Mexican National Parents’ Union (UNPF) Presents 112,594 Signatures Urging Suspension of School Book Distribution Due to Unapproved Sexualized and Gender Ideology Content

The National Parents’ Union (UNPF) in Mexico has presented a petition with a staggering 112,594 signatures to the Ministry of Public Education (SEP), demanding an immediate halt to the distribution of school books slated for use in the upcoming 2023-2024 academic year, which commences on August 28.

The primary reason for their demand is the inclusion of sexualized and gender ideology content within these materials without any consultation with parents.

Voices Gathered through Digital Platforms

These signatures were collected through digital platforms like CitizenGO and were subsequently handed over to the SEP by various social organizations, led by the UNPF.

The CitizenGO campaign asserted that the printing and distribution of these educational materials should cease immediately, as parents and the broader educational community were not consulted regarding their content, as stipulated by Article 48 of the General Education Law.

Allegations of Illegality and Calls for Legal Compliance

According to the National Parents’ Union, the actions of the federal government, responsible for these textbooks, are in violation of the law, as they unilaterally altered the textbook content without involving parents as required by regulations.

The organization demands that relevant authorities respect and adhere to the law.

Controversy Surrounding Mexican Government-Developed Textbooks

The new school textbooks developed by the Mexican government under the leadership of President Andrés Manuel López Obrador have sparked widespread criticism.

Parents, opposition politicians, and the media have expressed concerns about the sexualized content and the introduction of a gender ideology bias, coupled with pedagogical errors.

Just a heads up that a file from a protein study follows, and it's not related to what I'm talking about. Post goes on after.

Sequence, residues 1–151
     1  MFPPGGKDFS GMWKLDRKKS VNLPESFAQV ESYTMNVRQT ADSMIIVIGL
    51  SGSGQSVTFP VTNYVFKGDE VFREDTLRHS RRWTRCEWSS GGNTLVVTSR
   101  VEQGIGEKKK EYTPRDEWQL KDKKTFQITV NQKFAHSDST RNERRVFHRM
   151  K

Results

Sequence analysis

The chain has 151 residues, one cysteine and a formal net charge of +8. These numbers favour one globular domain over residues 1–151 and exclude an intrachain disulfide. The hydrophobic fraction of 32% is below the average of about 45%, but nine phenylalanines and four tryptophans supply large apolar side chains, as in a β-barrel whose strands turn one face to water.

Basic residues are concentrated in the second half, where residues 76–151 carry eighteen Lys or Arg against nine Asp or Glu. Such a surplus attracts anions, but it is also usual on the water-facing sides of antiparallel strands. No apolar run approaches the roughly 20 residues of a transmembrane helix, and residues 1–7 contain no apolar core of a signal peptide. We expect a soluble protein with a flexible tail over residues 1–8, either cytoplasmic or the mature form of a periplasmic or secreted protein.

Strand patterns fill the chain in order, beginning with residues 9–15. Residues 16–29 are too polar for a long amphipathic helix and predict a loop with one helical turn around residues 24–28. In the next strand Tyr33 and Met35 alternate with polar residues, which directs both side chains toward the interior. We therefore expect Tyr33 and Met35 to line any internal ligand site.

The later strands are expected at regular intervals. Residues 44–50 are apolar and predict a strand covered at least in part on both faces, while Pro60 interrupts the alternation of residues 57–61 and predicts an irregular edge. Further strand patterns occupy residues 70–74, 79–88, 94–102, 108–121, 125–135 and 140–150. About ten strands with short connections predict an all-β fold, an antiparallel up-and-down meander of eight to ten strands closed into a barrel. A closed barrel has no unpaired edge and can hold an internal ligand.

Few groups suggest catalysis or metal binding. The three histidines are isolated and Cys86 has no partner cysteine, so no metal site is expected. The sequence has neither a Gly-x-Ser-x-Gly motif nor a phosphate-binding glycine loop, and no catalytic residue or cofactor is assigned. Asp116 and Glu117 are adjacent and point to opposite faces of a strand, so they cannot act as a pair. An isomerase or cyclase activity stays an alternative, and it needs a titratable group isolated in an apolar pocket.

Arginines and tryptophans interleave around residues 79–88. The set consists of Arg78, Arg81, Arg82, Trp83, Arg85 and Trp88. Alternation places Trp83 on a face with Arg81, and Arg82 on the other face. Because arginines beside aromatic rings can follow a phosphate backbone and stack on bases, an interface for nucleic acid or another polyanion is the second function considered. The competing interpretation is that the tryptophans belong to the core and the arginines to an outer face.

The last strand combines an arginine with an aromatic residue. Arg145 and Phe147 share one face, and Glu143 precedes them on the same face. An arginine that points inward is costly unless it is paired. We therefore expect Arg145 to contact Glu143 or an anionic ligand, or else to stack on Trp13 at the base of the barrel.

A Legal Battle Unfolds

Furthermore, the parents’ petition insists on the enforcement of a ruling from the Third District Court in Administrative Matters in Mexico City.

In late May, the court decreed the definitive suspension of the distribution of these contentious school textbooks following a request for an injunction made by the UNPF.

This decree mandates the SEP and the National Commission for Free Textbooks to halt the printing and distribution of educational materials and to develop a strategy that aligns with approved programs for the 2023-2024 school year.

The UNPF justifies this suspension by emphasizing the legitimate interest that parents have in their children’s education, particularly in light of the educational challenges intensified by the COVID-19 pandemic.

SEP’s Response and State-Level Actions

However, the SEP has contested the ruling’s enforceability.

They argue that there is no legal impediment to continue distributing the material since the ruling is not yet final, and they plan to file a legal appeal.

Meanwhile, several state governments, including Guanajuato, Chihuahua, Coahuila, Jalisco, Querétaro, Aguascalientes, Yucatán, and Nuevo León, have chosen to suspend book deliveries while awaiting resolution of the ongoing litigation.

Commitment to Quality Education

In conclusion, the National Parents’ Union remains steadfast in its commitment to the education of students from preschool to high school.

Their demand is for high-quality textbooks, materials, and programs that adhere to pedagogical methodology, competencies, skills, and are developed in consultation with parents, as mandated by law.

This ongoing conflict underscores the importance of involving parents in shaping the educational materials used to teach their children.

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